INTERVIEWER: “In talking to the computer, one gets the sense that he is capable of emotional responses. Do you believe that HAL has genuine emotions?”
BOWMAN: “Well, he acts like he has genuine emotions. But as to whether or not he has real feelings… I don’t think that’s something anyone can truthfully answer.”
It is around this issue of whether HAL has emotions that the whole sequence then swings, and this is the point of my discussion, as well. For all his surface human qualities – as Bowman says, he acts like he has emotions – he remains programmed. He is a system, designed to perform certain tasks in certain ways. The pseudo-emotions that he manifests have been programmed in to help the two crew members interact with him. But what Kubrick and his co-writer, Arthur C Clarke, are investigating here is what happens when a machine is made so intelligent that it begins to manifest real emotional responses – that is, inputs that it is not designed to deal with.
The crucial moment – depicted with immense subtlety, but nevertheless a clear and single moment at which, irrevocably, things change inside HAL for ever – comes when he mentions to Bowman whether Bowman is aware of “rumours about things being discovered on the Moon”. These rumours, as the audience already knows (but Bowman does not), are true, and are what has led to the Jupiter mission being launched (as this planet was the destination of the radio transmission made from the Moon object). HAL is aware of this information, and it is because of this discrepancy between what he knows and what Bowman knows (or does not know) that he is hit by a genuine human emotion – doubt.
It is right here that HAL begins to collapse: the system breaks down. Again, the process is shown by Kubrick and Clarke with great subtlety but nevertheless it is irrevocable, and immediate. At the moment he cannot process the unexpected input – doubt, the sudden concern that things are not as he was told they were – he makes a mistake, identifying a component on the ship that he believes is about to fail, but which turns out to be operating normally. Right then, the two astronauts themselves begin to doubt HAL, because this model of computer is supposed to be infallible.
It is at this point that Poole and Bowman have their one and only conversation with each other. But because it is about HAL, and they do not want him to hear it, they retreat to what they think is a secluded space on the ship where they cannot be heard. They express their own doubts about HAL’s ability to continue to run the ship, but also refer to him once again as if he has real emotions:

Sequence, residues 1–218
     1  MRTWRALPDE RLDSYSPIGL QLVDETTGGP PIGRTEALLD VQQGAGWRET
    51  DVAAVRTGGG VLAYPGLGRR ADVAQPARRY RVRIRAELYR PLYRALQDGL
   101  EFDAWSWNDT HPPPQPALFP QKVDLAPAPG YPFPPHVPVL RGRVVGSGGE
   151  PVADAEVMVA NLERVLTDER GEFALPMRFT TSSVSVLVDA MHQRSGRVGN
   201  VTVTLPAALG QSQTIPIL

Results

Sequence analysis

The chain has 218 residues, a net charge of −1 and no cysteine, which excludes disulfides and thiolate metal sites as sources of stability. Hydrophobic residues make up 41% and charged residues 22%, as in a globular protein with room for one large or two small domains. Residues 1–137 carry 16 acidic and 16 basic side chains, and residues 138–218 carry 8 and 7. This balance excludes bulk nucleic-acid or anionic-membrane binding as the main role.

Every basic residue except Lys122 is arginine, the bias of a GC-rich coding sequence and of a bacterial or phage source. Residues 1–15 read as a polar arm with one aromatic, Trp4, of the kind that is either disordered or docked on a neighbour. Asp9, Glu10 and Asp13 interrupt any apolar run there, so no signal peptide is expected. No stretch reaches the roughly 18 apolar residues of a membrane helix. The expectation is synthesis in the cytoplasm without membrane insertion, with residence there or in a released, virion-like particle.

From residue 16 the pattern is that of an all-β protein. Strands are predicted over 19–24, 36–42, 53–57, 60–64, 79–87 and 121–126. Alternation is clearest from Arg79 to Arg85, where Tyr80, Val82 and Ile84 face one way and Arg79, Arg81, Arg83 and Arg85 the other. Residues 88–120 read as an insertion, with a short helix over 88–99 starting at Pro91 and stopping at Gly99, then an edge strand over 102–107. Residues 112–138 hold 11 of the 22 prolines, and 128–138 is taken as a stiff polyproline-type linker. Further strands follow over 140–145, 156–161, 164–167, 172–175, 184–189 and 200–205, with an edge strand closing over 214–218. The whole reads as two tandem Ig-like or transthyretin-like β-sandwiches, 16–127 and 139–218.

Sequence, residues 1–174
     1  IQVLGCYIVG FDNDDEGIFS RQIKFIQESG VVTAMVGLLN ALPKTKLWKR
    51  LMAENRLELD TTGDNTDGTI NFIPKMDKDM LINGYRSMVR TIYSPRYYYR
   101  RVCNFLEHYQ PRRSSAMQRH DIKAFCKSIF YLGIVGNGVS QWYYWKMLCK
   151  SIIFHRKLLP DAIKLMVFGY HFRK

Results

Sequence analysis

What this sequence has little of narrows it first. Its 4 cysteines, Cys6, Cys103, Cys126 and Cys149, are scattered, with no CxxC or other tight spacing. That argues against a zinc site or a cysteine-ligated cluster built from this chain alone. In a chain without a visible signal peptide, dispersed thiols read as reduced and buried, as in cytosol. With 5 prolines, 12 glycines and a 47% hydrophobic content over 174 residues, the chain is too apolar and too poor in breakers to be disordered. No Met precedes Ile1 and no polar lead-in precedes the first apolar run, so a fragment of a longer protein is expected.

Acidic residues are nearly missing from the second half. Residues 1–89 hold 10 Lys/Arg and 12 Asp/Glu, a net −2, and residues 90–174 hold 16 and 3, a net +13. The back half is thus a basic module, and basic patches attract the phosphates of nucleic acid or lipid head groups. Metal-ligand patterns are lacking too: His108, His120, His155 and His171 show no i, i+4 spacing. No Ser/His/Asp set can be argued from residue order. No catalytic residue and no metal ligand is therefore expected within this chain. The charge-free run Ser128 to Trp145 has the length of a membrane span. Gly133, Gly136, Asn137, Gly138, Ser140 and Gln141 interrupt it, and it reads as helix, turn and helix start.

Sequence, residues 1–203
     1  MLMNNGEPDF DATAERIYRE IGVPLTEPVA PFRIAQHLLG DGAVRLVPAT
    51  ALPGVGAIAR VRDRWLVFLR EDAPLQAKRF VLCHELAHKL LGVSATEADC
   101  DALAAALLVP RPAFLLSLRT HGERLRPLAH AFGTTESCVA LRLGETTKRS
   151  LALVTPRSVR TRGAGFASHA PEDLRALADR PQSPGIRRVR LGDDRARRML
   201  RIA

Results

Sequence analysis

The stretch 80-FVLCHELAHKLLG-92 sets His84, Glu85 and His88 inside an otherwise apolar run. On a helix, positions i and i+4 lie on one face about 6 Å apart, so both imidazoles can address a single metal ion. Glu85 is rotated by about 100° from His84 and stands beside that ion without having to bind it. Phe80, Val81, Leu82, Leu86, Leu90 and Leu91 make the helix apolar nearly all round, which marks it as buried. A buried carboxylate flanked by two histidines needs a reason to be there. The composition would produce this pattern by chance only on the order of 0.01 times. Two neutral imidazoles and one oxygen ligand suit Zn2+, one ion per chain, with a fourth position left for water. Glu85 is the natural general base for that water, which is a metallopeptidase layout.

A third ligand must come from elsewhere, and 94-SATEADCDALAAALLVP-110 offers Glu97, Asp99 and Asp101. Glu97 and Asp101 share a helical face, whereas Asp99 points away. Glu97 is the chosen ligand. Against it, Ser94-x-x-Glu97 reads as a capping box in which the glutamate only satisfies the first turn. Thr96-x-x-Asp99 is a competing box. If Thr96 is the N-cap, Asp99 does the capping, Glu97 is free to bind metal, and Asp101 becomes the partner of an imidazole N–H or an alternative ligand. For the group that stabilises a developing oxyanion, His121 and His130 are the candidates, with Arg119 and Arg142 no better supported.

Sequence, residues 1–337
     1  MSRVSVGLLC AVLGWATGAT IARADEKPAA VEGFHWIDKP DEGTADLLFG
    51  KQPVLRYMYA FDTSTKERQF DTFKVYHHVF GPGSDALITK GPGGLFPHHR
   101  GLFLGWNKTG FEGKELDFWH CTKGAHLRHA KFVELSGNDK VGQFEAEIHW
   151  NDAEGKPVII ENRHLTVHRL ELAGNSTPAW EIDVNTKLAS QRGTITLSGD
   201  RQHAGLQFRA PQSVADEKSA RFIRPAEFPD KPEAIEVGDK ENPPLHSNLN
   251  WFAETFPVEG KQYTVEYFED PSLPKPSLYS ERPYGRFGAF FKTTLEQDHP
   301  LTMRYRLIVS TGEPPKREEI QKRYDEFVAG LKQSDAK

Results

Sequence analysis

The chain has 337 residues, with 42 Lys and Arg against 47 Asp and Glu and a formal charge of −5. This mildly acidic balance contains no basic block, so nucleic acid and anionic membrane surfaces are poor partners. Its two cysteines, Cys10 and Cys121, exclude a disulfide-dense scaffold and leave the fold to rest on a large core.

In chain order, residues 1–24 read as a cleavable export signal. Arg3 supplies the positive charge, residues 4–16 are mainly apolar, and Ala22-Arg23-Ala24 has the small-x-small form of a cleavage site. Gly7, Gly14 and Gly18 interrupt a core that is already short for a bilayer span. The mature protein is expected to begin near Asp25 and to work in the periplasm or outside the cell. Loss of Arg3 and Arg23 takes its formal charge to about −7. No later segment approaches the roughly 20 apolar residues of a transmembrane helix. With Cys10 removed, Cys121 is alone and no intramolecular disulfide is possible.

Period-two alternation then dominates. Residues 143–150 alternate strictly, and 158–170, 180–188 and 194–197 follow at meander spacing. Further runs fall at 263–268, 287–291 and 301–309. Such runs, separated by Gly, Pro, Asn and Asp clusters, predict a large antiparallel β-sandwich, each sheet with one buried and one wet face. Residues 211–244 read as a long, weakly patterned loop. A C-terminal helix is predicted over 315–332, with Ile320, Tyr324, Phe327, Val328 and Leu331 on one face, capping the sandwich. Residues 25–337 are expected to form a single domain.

BOWMAN: “Another thing just occurred to me. As far as I know no 9000 computer has ever been disconnected.” POOLE: “Well, no 9000 computer has ever fouled up before.” BOWMAN: “That’s not what I mean. I’m not so sure what he’s going to think about it.”
They are right to express these concerns. Despite the precautions they take to avoid being overheard, HAL can see them through a window, and is lip-reading them, so realises they intend to turn him off. (The picture shows this moment – one of HAL’s terminals, with his glowing red light, is visible in the background, and it is through this that he lip-reads the men’s words.) He reacts by jettisoning Poole into space and then trying to trap Bowman outside the ship when he goes to rescue his colleague. Bowman is able to get back in through using his creativity and ingenuity, and does eventually turn HAL off. The human ‘wins’, but at the cost of four lives and the near-termination of the mission.
The point of all this? What we are seeing in this sequence is how a programmed system fails when it is asked to process an unexpected input: an input that, in this case, emerges because of a simple omission in how the system has been programmed (that is, its failre to allow for the fact that HAL knows something which Bowman does not, and which therefore makes the computer doubt the veracity of its information). And this is a system that is utterly central to the lives of the people who depend on it: literally, in that it is keeping them alive (the three crew members in suspended animation die when HAL stops maintaining their life support as part of his breakdown).